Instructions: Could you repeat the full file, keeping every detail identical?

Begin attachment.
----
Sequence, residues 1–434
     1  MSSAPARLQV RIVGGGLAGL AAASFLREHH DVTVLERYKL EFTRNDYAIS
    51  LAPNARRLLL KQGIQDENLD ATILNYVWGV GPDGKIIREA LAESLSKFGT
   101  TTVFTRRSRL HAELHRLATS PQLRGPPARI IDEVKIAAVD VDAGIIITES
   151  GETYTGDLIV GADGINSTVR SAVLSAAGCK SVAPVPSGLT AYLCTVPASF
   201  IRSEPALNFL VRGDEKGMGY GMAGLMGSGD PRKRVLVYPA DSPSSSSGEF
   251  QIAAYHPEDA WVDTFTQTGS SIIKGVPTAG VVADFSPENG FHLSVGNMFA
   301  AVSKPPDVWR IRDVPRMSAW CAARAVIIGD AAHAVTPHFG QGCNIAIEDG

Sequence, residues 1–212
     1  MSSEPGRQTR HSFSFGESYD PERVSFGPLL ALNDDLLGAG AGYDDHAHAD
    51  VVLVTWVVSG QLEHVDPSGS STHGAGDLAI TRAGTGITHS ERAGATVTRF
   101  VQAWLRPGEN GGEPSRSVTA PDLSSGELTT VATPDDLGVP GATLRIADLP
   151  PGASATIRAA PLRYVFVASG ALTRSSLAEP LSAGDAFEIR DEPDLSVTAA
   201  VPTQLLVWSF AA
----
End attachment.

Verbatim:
Sequence, residues 1–434
     1  MSSAPARLQV RIVGGGLAGL AAASFLREHH DVTVLERYKL EFTRNDYAIS
    51  LAPNARRLLL KQGIQDENLD ATILNYVWGV GPDGKIIREA LAESLSKFGT
   101  TTVFTRRSRL HAELHRLATS PQLRGPPARI IDEVKIAAVD VDAGIIITES
   151  GETYTGDLIV GADGINSTVR SAVLSAAGCK SVAPVPSGLT AYLCTVPASF
   201  IRSEPALNFL VRGDEKGMGY GMAGLMGSGD PRKRVLVYPA DSPSSSSGEF
   251  QIAAYHPEDA WVDTFTQTGS SIIKGVPTAG VVADFSPENG FHLSVGNMFA
   301  AVSKPPDVWR IRDVPRMSAW CAARAVIIGD AAHAVTPHFG QGCNIAIEDG

Sequence, residues 1–212
     1  MSSEPGRQTR HSFSFGESYD PERVSFGPLL ALNDDLLGAG AGYDDHAHAD
    51  VVLVTWVVSG QLEHVDPSGS STHGAGDLAI TRAGTGITHS ERAGATVTRF
   101  VQAWLRPGEN GGEPSRSVTA PDLSSGELTT VATPDDLGVP GATLRIADLP
   151  PGASATIRAA PLRYVFVASG ALTRSSLAEP LSAGDAFEIR DEPDLSVTAA
   201  VPTQLLVWSF AA